The goal is to reduce foodborne illness. Twenty new genome sequences recently have been found by scientists at the University of California, Davis, for foodborne disease-causing microbe. The more you know about preventing foodborne illness, the better you can feed your children safer foods.
University of California, Davis, the U.S. Food and Drug Administration’s Center for Food Safety and Applied Nutrition, and Agilent Technologies, announced on July 22, 2013 that it has added 20 newly completed genome sequences of foodborne disease-causing microorganisms to its public database at the National Center for Biotechnology Information, explains a July 22, 2013 news release, “100K Genome Project unveils 20 more foodborne pathogen genomes.”
This genome sequencing effort is focused on speeding the diagnosis and treatment of foodborne diseases. The genomes were determined using Single Molecule, Real-Time (SMRT®) Sequencing technology from Pacific Biosciences of California, Inc. This brings to 30 the number of genomic sequences completed by the 100K Genome Project, which aims to sequence the genomes of 100,000 bacterial and viral genomes.
Help for diagnosing and treating foodborne diseases
This genome sequencing effort is focused on speeding the diagnosis and treatment of foodborne diseases, as well as shortening the duration and limiting the spread of foodborne illness outbreaks. In the United States alone, foodborne diseases annually sicken around 48 million people and kill approximately 3,000, according to the Centers for Disease Control and Prevention.
The newly deposited sequences include several isolates of Salmonella, Listeria, Campylobacter, and Vibrio, as well as a full characterization of their epigenomes – a diagnostic feature that defines how the DNA is chemically modified and changes how the organism behaves.
“These finished genome sequences represent the highest quality standard, with each strain closed in a single bacterial chromosome and the associated mobile DNA,” said Bart Weimer, according to the news release. Weimer is the director of the 100K Genome Project and professor at the school of veterinary medicine at UC Davis. “They also contain complete associated phage or plasmid elements, which are critical for understanding pathogenicity, drug resistance and other biologically important traits that are linked to survival.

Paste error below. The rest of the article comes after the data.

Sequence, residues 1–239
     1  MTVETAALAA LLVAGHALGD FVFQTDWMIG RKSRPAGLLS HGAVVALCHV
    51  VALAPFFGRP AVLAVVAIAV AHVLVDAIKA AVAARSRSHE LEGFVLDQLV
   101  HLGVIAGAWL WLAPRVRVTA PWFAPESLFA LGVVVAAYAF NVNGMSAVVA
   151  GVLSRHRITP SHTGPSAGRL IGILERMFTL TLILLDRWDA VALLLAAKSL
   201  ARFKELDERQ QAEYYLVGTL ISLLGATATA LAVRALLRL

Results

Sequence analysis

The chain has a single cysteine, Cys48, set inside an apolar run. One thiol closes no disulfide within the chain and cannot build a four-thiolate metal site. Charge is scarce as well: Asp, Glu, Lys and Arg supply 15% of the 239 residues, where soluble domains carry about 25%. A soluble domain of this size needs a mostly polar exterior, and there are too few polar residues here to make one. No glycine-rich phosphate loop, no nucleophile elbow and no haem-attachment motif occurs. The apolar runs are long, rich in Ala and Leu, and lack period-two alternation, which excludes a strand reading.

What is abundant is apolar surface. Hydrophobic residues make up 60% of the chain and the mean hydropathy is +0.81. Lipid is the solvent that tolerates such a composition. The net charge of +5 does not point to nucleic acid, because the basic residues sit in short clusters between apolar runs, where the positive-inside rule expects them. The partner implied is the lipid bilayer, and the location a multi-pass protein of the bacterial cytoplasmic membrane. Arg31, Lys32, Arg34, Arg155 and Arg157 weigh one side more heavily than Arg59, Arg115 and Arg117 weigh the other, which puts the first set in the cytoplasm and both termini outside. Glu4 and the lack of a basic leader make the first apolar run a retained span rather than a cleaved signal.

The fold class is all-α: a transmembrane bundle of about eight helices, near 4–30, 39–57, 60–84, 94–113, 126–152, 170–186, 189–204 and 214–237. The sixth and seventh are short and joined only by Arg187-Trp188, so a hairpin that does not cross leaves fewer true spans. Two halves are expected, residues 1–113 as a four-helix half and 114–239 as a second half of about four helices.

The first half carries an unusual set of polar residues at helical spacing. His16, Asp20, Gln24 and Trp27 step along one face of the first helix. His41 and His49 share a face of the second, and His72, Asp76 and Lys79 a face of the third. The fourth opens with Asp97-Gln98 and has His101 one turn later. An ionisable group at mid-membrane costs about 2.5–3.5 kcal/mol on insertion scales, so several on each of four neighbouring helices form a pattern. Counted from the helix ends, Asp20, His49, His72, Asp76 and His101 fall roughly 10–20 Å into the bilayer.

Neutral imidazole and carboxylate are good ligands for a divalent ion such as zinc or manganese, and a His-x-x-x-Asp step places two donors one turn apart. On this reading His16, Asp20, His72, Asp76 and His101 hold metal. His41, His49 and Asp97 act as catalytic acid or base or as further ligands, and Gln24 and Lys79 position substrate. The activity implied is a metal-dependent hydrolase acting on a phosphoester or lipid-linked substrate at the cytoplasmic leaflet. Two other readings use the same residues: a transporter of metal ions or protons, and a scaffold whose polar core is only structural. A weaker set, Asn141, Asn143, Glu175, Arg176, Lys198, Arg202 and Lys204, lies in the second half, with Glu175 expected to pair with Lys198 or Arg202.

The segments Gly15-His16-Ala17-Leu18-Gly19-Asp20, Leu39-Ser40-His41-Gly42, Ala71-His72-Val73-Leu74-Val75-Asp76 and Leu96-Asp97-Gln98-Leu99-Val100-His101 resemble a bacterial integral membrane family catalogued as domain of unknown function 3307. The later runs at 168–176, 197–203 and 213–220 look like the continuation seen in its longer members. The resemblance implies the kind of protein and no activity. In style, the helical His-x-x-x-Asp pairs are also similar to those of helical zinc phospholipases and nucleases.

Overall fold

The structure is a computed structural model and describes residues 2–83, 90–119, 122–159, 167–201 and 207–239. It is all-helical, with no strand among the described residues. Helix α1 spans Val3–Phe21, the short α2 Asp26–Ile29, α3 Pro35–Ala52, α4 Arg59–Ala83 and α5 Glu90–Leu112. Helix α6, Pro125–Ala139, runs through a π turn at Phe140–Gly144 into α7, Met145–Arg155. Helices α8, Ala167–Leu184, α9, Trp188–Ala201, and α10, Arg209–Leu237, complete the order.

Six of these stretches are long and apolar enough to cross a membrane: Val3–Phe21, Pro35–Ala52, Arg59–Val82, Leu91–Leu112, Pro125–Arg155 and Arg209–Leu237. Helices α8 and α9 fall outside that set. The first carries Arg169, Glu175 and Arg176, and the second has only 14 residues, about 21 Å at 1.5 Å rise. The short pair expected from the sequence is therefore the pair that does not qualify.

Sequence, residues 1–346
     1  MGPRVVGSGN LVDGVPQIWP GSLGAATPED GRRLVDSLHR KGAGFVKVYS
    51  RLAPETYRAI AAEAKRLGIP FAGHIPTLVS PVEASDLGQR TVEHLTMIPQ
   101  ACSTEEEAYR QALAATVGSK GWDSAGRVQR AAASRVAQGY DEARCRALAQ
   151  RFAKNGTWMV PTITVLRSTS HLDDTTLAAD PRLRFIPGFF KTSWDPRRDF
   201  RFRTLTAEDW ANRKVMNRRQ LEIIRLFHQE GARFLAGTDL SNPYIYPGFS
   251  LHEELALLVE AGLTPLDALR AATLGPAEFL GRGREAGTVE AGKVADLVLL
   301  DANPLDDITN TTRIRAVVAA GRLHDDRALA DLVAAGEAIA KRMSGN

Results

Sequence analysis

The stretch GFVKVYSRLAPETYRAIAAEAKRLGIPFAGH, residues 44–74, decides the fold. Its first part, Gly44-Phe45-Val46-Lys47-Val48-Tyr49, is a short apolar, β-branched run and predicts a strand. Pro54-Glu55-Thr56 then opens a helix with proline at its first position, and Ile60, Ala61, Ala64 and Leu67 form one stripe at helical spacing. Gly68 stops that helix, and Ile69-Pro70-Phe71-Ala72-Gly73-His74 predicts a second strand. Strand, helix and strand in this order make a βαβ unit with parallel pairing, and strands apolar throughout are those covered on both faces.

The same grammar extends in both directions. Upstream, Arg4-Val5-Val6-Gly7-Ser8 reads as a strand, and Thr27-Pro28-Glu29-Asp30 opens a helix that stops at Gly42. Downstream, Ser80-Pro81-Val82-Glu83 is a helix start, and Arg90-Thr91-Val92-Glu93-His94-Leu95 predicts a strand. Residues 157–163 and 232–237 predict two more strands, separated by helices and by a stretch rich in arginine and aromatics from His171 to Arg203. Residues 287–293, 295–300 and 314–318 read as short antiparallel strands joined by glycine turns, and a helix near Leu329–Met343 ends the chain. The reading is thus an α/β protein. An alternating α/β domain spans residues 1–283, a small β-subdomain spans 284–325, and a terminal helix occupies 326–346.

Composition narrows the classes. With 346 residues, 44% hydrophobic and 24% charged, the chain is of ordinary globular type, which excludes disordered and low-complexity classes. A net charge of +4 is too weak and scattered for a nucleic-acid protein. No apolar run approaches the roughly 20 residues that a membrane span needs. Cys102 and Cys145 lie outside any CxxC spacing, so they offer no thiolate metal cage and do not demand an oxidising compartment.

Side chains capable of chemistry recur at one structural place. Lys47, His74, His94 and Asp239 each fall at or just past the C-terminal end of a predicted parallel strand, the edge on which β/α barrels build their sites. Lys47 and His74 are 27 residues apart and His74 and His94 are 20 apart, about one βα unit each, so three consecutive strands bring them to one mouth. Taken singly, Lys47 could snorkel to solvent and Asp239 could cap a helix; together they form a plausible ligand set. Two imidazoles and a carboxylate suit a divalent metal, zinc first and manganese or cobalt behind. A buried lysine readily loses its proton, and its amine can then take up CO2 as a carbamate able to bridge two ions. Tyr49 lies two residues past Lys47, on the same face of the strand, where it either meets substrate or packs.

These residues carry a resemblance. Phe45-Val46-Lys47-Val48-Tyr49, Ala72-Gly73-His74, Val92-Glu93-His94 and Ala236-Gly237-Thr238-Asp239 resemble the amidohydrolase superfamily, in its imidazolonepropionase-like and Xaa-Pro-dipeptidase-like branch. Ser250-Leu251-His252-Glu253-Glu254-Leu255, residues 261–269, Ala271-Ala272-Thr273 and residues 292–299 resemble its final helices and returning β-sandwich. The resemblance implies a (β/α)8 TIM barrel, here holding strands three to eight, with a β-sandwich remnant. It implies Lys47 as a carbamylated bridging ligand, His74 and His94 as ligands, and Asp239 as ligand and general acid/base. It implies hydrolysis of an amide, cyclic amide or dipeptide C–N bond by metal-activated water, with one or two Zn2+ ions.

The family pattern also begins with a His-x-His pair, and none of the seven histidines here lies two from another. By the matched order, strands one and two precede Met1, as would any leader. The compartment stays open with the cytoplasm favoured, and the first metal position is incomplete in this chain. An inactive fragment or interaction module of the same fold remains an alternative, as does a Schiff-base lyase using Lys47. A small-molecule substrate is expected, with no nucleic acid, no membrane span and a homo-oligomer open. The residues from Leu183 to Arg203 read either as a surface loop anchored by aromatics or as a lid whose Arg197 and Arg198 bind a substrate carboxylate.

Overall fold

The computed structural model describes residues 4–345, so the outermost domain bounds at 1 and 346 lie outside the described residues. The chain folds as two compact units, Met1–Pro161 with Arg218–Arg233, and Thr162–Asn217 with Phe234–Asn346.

“The genomes we have analyzed to date are from pathogens responsible for common and debilitating foodborne infections,” Weimer said in the news release, noting that the ready availability of this information will aid in reducing the time needed to diagnose and define outbreak strains.
“Making these genomic sequences publicly available through the National Center for Biotechnology Information database provides researchers and public health officials with information that will allow tracking of foodborne pathogens to their source,” said Marc Allard, in the news release. Allard is an FDA genomics expert and advisor to the 100K Genome Project. “This will ultimately speed outbreak investigations, reduce illness, and facilitate the development of new rapid test methods to detect pathogens.”
The new genomes were sequenced and assembled using technology capable of detecting and identifying genome-wide methylation patterns as it performs DNA sequencing.
“Increasingly, microbiologists are recognizing that epigenetic information provides essential clues to the virulence of an outbreak strain,” said Jonas Korlach, chief scientific officer at Pacific Biosciences. “The automated pipelines that made the completion of these 20 genomes and epigenomes possible serve as a solid foundation for the production of many more high-quality, finished genomes of foodborne pathogens through this project in the near future.”
A complete list of the bacteria for which finished genomes have been generated by the 100K Project is available online at the National Center for Biotechnology Information, a partner in the project. Check out the website for the National Center for Biotechnology Information.
About the 100K Genome Project
The 100K Genome Project was launched in March 2012 as a collaborative effort between UC Davis, Agilent Technologies, and the U.S. Food and Drug Administration. Since then, the U.S. Centers for Disease Control and Prevention, U.S. Department of Agriculture and additional corporate partners have joined the worldwide effort. The project’s first data were deposited in June 2013. For more information visit the 100k Project’s website.